• Give the reader enough information to understand the analysis that will follow, but don’t give too much away.
  • Revision Strategies
  • Build Transitions
  • Use Elaboration Strategies
  • Use Strong Verbs
  • Check Sentence Structures
  • Read Alouds
  • Transitions
  • 3 Parts to a transition
    • Refer back to what you just talked about
    • Refer forward to what you’re going to talk about
    • Linking idea
  • Transitions can be used between sentences as the first step in revision
    • Go through each paragraph two sentences at a time and build a transition sentence between each pair.
    • Re-read your paragraphs aloud.
    • Add anything that feels unsaid
    • Delete where you feel like you’ve overdone it
  • Elaboration Strategies
  • Explain Why
  • Explain Why Not
  • Explain How
  • Explain the Details
  • Define
  • Give an example
  • Using Powerful Verbs and Adjectives
  • (And Dropping Unnecessary Adverbs!)
  • When the character goes to talk to his father, he feels completely and totally angry.
  • The character was using a good strategy, which is how the reader can clearly and easily see his change.
  • Some verbs are better than others. When you revise:
  • Go through your draft and underline all the verbs.
  • Give them the “vanilla” test.
  • If they are too vanilla, or if you are using adverbs to spice them up, use a thesaurus to find a more “spicy” verb.
  • Avoid using the same “spicy” verb twice.
  • Examples:
  • Not so good:
  • Not so good:
  • When the character confronts his father, he is enraged.
  • Better:
  • Better
  • Fine-Tuning Sentences for Better Flow
  • Not So Good: Percy made Nancy Bobofit fall in the fountain. He made her fall in the fountain because he was immature and he didn’t know about his power.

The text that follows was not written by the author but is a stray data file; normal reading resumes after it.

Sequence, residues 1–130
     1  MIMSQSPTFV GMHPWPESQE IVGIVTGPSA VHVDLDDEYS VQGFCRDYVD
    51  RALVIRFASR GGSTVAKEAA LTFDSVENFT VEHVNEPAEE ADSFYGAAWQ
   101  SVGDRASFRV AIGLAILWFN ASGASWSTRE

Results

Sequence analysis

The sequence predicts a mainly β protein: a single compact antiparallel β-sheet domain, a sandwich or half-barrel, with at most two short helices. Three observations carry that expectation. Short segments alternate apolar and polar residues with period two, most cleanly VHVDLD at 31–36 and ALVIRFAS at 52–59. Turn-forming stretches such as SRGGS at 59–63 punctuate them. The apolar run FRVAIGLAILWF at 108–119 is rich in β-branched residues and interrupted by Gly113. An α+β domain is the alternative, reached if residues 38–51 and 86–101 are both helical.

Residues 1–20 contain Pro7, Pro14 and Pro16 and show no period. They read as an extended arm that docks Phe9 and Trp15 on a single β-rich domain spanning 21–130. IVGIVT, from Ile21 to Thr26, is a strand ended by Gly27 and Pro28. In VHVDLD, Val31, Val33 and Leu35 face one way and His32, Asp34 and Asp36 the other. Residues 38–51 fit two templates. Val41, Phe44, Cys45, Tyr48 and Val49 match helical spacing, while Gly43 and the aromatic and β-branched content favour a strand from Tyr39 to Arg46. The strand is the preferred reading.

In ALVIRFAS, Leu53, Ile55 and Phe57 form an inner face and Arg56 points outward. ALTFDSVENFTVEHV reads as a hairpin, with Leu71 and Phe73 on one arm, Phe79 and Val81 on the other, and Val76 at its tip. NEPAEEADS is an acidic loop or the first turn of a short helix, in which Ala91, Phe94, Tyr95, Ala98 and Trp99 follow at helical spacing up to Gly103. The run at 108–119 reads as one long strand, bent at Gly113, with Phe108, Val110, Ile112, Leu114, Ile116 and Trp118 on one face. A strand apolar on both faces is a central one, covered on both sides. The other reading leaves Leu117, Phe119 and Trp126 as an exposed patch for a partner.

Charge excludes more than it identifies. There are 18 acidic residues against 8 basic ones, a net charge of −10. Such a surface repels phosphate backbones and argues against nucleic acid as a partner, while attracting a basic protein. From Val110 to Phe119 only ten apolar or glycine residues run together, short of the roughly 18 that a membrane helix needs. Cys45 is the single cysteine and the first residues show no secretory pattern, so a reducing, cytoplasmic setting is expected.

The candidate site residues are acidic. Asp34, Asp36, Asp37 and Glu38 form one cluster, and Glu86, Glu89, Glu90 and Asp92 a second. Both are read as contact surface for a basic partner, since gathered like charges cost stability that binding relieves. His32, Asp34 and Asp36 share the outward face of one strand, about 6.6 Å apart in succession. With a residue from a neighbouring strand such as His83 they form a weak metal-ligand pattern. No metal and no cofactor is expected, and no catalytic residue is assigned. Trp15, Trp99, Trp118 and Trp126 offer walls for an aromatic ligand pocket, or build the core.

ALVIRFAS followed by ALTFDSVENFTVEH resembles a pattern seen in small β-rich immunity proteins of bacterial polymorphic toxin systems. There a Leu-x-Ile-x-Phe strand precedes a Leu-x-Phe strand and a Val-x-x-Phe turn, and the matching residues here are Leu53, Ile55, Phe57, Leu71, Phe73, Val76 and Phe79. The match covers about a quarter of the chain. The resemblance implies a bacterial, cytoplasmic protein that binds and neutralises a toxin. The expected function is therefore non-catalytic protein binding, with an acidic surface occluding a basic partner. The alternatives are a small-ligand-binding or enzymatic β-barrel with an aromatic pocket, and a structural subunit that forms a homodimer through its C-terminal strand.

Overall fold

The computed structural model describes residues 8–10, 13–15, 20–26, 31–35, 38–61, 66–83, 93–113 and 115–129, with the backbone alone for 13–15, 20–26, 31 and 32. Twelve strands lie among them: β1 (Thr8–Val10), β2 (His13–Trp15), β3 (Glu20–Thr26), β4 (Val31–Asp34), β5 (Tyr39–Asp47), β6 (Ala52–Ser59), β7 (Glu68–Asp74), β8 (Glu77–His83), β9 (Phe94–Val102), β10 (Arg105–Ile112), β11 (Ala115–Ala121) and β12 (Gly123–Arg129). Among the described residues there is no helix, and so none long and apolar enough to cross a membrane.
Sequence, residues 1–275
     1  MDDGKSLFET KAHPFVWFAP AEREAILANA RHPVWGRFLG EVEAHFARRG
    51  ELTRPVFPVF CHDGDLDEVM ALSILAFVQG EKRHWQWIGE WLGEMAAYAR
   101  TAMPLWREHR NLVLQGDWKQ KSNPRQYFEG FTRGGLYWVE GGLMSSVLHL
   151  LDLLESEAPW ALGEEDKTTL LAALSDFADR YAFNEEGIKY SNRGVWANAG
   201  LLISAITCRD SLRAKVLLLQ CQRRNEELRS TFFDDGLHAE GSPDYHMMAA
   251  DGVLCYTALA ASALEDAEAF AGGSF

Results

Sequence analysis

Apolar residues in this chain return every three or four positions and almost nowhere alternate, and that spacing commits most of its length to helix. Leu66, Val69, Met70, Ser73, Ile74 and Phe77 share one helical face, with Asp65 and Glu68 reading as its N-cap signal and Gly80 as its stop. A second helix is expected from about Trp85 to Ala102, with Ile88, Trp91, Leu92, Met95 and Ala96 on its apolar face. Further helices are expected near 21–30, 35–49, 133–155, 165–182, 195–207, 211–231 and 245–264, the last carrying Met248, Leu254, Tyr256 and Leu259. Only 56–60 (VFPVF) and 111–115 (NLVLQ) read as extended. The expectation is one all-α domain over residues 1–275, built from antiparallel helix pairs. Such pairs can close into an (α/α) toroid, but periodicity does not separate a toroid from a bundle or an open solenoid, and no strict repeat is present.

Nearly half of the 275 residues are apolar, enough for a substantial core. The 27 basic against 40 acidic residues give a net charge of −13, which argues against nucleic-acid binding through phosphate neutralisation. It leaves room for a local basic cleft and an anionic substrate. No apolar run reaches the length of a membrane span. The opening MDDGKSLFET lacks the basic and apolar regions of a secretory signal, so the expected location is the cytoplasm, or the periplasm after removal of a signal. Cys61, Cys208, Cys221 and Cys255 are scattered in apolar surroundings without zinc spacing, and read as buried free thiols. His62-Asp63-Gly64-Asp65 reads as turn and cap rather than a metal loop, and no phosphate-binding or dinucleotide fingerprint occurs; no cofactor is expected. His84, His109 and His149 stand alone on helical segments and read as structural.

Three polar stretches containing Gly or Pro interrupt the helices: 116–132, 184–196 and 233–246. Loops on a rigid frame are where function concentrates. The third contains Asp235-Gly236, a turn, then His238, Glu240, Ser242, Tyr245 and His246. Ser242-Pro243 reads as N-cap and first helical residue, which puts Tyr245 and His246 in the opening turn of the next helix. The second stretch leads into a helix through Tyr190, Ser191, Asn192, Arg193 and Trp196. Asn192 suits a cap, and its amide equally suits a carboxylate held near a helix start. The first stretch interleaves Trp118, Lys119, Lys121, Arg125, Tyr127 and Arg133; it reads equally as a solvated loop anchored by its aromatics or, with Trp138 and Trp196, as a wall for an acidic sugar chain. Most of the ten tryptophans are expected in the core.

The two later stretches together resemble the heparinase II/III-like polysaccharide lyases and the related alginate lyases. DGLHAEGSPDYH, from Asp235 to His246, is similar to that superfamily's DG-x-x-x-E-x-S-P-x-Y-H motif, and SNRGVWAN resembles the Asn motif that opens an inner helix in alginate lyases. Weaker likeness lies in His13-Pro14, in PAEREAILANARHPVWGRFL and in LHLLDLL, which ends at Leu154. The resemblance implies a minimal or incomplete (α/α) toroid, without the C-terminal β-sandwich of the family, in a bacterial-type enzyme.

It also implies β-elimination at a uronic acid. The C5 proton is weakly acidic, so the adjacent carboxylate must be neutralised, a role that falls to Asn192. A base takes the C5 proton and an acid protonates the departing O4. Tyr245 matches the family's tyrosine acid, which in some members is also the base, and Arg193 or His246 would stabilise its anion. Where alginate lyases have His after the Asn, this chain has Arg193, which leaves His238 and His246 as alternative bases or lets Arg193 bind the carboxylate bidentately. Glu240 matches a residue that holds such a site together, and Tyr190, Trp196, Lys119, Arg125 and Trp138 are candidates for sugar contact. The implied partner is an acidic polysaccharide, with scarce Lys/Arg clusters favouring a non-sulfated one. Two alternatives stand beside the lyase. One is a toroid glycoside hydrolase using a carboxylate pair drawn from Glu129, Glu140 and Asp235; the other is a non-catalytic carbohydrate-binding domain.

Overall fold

• Not So Good: The fight with Ares was the climax of the story. Percy used the ocean to defeat Ares. Percy was in his full power.
  • Sentence structure affects the way the language of your piece flows.
  • Read through the piece ALOUD to yourself
  • Read it through ALOUD to someone else
  • Have someone else read it ALOUD to you
  • Listen for:
    • Short, choppy sentences
    • Repetitious words or ideas
  • Combine short sentences
  • Delete or reword repetitious ideas or words
  • Examples:
  • Better: Percy caused Nancy Bobofit’s fall into the fountain because he was immature and didn’t yet know about his power.
  • Better:
  • The fight with Ares was the climax of the story. Percy was in his full power and was able to use his special weapon, the ocean, to defeat the god of war.
  • Editing Basics
  • Verbs:
  • Agreement – Subjects and verbs.
  • Tense – Check each verb – are they all in the same tense?
  • Variety – Are you using the same verbs over and over again?
  • Person – Does it switch anywhere from you to I, from I to they, from you to they or he/she? Have you taken “I” out of it, as in “I think”…
  • Word Variety – Are you using the same word over and over again?
  • Sentence Structure – Are your sentences varied and not all the same?
  • Spelling – Check for words the spell checker won’t pick up and incorrect duplicates ie. Aloud/Allowed
  • Capitalization – Beginning of sentences, and proper nouns
  • Sentences – Check for run-ons and fragments.
  • Strategy:
  • Read your piece backwards. This will help you find spelling and technical errors.
  • Read it aloud to a partner – have the partner read it aloud to you.
  • Read-Alouds
  • Work with 1 or 2 other people.
  • Focus on one writer at a time.
  • First Writer reads his/her writing aloud while other writer(s) listen.
  • Whenever something in the writing comes up that needs to be addressed, whoever hears it comments and the writer makes a note to change it.
  • Do NOT focus on grammar and spelling – look past it and think only about the CONTENT!
  • When the writer is finished reading his/her work aloud, the other writer takes it and reads it aloud for a SECOND time.
  • Whenever something comes up in the writing, stop and let the writer make a note.
  • Repeat for the other writer(s)


Download 0.61 Mb.

Share with your friends:




The database is protected by copyright ©sckool.org 2020
send message

    Main page